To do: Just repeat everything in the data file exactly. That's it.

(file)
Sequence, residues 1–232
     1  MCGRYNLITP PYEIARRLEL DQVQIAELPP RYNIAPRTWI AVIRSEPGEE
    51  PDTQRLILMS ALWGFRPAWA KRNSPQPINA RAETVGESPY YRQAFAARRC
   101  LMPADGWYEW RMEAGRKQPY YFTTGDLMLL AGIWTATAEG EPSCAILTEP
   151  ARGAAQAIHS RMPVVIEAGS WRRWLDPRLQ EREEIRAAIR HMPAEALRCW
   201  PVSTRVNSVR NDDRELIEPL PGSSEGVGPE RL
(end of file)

Sequence, residues 1–232
     1  MCGRYNLITP PYEIARRLEL DQVQIAELPP RYNIAPRTWI AVIRSEPGEE
    51  PDTQRLILMS ALWGFRPAWA KRNSPQPINA RAETVGESPY YRQAFAARRC
   101  LMPADGWYEW RMEAGRKQPY YFTTGDLMLL AGIWTATAEG EPSCAILTEP
   151  ARGAAQAIHS RMPVVIEAGS WRRWLDPRLQ EREEIRAAIR HMPAEALRCW
   201  PVSTRVNSVR NDDRELIEPL PGSSEGVGPE RL